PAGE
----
STORY BY ALAN OLDHAM
IMAGES BY PETER SPURRIER
They just closed their eyes and were satisfied by having a lunatic who was willing to work 24/7. They were experienced and should have known that working so hard was not sustainable over time.”
These are the words of an elite coach in a 2014 Norwegian study on burnout. Yet coach burnout, or “a feeling of being overextended and depleted of one’s emotional and physical resources,” isn’t just something that happens at the elite level.
We can all probably think of at least one coach experiencing or at risk of burnout (and that person might even be you). From strained interpersonal relationships to nagging self-doubt to crushing expectations, the factors that lead to coach burnout are not overly complex at first blush. What we don’t tend to talk about, however, are the underlying reasons behind the stress as well as the toll—emotional and physical—it takes on even the most passionate and inspired coaches.
While mental health is a big part of burnout, here we focus on the causes and effects of coach burnout and what can be done to help coaches rediscover that love for the sport that first compelled them to give back.
Defining Well-Being and Burnout
The Oxford dictionary defines well-being as “the state of being comfortable, healthy, or happy.” While this sounds like a simple concept, it is far from it. We all react to situations differently, so our experience of comfort, health, and/or happiness is somewhat subjective. It is also important to consider that appearance can be deceiving; even the most positively cheerful coach might be putting on a brave face.
“In some ways, coaches remind me of doctors,” said Alex Hutchinson, a writer who focuses on the science of fitness, exercise, and health. “[They are] so focused on making other people well (or fast) that they ignore the most basic rules of wellness in themselves.”
For Hutchinson, those basics include “getting enough sleep, eating well, and—ironically—getting regular exercise. There’s also a logistical challenge: if you’re spending hours and hours watching other people exercise, and planning their every move, there’s often not much time to do your own workout.”
“There’s no doubt that the physical act of coaching can be exhausting—biking alongside athletes, screaming splits, experiencing sky-high levels of vicarious stress, and so on. But the best countermeasure is probably more time in the gym or on the trails, not less.”
However, the stress mounts up, if these issues are not dealt with, they can lead to burnout.
Although I didn’t get the chance to interview Christina Maslach, who penned the classic definition of burnout, her work since the 1970s in the field of occupational burnout is has been highly influential. Maslach proposes three aspects to burnout: exhaustion; depersonalization, an indifference or cynical attitude toward people someone is supposed to be engaged with; and inefficacy, a sense of reduced personal accomplishment.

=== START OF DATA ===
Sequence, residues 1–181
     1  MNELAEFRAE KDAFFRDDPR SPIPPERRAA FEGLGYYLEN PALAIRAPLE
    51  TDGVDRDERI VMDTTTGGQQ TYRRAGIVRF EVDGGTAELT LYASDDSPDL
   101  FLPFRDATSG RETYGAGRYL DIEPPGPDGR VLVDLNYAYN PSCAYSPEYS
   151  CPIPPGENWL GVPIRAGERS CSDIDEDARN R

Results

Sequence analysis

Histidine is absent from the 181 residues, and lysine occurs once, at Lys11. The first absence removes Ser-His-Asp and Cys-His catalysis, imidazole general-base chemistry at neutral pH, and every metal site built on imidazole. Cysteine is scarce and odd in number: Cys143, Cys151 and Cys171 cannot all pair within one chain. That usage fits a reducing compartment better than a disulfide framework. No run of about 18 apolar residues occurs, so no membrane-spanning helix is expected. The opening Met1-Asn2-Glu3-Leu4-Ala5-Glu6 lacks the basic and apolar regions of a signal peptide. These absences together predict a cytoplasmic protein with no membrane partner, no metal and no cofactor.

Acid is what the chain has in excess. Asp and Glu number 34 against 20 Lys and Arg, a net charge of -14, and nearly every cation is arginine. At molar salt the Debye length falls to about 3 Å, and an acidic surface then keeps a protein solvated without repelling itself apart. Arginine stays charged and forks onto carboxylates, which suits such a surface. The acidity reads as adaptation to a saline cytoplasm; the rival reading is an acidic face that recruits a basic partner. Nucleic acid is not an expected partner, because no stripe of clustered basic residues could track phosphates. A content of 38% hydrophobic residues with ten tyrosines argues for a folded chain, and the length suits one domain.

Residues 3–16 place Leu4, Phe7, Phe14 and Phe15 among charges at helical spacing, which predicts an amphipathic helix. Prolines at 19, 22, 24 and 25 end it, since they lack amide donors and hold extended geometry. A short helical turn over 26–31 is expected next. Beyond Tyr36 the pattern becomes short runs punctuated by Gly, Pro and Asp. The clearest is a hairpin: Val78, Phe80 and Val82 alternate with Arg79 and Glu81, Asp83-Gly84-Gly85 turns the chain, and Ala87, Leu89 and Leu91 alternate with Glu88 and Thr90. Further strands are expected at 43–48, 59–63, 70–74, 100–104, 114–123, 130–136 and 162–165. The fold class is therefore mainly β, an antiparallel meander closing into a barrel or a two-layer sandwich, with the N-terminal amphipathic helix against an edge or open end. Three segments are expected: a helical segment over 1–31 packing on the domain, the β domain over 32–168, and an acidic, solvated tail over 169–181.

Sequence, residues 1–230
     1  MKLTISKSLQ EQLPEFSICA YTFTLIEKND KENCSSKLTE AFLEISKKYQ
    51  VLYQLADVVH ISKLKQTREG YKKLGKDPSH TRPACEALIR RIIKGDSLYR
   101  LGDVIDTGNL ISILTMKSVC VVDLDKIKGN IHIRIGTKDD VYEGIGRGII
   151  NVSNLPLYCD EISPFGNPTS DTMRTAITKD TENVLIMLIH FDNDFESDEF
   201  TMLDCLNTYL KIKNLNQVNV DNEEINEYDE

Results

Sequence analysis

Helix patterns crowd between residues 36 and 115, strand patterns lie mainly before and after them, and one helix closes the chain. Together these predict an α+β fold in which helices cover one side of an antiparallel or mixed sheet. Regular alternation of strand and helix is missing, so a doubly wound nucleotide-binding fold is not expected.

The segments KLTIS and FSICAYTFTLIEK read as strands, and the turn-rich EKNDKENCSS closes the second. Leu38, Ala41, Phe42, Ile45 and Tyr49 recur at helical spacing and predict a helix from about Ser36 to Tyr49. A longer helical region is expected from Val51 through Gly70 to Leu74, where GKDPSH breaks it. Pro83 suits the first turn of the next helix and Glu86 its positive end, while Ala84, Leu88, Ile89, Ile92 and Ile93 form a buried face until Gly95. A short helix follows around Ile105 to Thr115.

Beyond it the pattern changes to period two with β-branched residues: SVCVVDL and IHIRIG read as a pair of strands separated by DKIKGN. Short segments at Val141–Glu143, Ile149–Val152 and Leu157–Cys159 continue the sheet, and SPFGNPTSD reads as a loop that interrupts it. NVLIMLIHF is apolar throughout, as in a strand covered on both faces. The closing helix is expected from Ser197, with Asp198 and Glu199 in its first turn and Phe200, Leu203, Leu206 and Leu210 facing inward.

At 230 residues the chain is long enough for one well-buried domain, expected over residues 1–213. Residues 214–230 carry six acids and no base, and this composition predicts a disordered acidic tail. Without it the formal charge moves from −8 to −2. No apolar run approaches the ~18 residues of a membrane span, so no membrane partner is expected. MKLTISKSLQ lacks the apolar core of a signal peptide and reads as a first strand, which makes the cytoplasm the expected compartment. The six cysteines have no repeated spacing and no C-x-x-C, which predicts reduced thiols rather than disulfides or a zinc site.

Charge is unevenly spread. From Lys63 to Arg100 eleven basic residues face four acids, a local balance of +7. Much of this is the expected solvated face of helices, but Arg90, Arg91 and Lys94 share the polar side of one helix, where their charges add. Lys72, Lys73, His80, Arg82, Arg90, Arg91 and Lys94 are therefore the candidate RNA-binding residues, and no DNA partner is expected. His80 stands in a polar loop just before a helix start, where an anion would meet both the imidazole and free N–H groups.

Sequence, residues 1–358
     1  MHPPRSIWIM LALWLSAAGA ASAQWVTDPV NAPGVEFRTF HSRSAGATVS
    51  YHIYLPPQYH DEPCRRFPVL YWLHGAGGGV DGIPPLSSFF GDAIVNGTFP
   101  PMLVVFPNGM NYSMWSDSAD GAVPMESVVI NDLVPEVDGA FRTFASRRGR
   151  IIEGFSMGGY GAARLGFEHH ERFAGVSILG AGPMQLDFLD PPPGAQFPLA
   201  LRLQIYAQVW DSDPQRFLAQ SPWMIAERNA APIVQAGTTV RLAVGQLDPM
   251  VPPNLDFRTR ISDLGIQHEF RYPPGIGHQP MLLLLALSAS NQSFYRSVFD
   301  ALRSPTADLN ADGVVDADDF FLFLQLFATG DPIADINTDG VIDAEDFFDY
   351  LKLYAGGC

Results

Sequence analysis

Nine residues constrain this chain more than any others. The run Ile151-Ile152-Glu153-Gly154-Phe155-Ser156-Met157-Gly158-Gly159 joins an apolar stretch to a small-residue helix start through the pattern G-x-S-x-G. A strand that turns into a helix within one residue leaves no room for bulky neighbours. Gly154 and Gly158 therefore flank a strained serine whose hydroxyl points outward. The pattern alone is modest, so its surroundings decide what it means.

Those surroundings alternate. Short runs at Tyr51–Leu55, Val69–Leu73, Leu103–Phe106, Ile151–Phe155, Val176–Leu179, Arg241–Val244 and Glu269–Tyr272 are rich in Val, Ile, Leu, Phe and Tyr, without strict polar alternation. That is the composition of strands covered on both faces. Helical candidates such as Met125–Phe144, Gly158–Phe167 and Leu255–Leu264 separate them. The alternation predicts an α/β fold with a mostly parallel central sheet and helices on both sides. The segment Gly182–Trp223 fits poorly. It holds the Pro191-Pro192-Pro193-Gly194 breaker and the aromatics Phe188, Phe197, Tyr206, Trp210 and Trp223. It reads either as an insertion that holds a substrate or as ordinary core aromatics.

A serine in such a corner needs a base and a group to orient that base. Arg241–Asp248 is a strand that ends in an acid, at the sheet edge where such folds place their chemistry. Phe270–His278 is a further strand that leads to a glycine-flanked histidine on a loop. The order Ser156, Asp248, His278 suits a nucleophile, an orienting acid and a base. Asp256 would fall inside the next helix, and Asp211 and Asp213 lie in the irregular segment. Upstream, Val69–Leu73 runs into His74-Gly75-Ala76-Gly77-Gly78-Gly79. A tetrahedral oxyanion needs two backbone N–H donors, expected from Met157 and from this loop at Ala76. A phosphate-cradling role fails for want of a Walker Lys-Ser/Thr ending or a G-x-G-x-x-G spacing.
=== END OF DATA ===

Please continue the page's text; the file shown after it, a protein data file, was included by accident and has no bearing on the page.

“A work situation with chronic, overwhelming demands that contribute to exhaustion or cynicism is likely to erode one’s sense of effectiveness,” she wrote in a 2001 study.
What Can Coaches Do?
For anyone seeking advice, the landscape is littered with self-help tips both for coaches experiencing burnout and those hoping to avoid it. It is obviously something on the minds of many.
Beyond the blogs and broad-stroke advice columns, there are some more reputable resources available. The United States Olympic & Paralympic Committee’s recently published “Quality Coaching Framework” document includes some practical information and tips designed to help coaches help themselves. In fact, the sixth and final chapter focuses entirely on coach well-being.
“One of the saddest ironies in sport,” begins the chapter, “is that although coaches strive to provide an enjoyable and healthy experience for their athletes to develop and perform optimally, too often they approach their job in a manner that has the opposite effect on their own well-being.”
For Chris Snyder, director of coach education with the United States Olympic & Paralympic Committee, well-being comes down to “arming coaches with the abilities to handle any stressors that come their way and be able to react in a positive way that keeps the athlete at the center of execution.”
“What we have found is that if you do these concepts right, you’ll gain more success on the field or in the boat. You have to be able to connect with people. You have to know why you are there. You have to have those athlete-centered outcomes. But then if you don’t take care of yourself as a coach, mentally and physically, the athletes can tell.”
At the heart of it, said Snyder, is the coach’s role in a world that has changed significantly from previous generations. “These are new athletes and new methods of coaching,” he told me. “There is a big difference and athletes are looking for people to inspire them and be role models in a whole new way.”
The picture Snyder paints is one many coaches and athletes can probably identify with. With the rise of data in training and the increased importance of making marginal gains, there is a sense that coaches must be more vigilant than ever as gatekeepers and knowledge filters. They must let just the perfect amount of insight through. No more. No less. No room for mistakes.
While the actual workload may be growing due to the rapid pace of advances in the science of performance, society’s view of a coach’s role has in many ways remained the same. This only leads to greater pressure, argued Snyder, who points to the rapid growth of ultra-organized youth sports in the United State as an example.
“The increased pressures—including the role of social media—that come with popularizing the sport system put more pressure on every level of coaching,” he told me. “Even the traditional pressures in youth sports like parents in the stands are greater than they used to be. The question becomes, how do you as a coach handle these pressures and arm yourself with tools?
“If we are going to keep coaches from dropping out and keep athletes from having less educated coaches, we have to manage this,” continued Snyder. “Part is giving the coaches the tools, but if you can get everyone, from fans and parents to sport administrators, to value the system, you can decrease those pressures.”
Whether as volunteers or professionals, most rowing coaches recognize the importance of a good relationship with those in charge of their club or organization. In that 2015 Norwegian study, Marte Bentzen of the Norwegian School of Sport Sciences and her colleagues concluded that “sporting organizations had a great influence on the coaches’ perception of their job and represented a major catalyzing factor within the burnout process.”
Or to put it another way, a poor working relationship with the boss leads to reduced levels of well-being for the employee.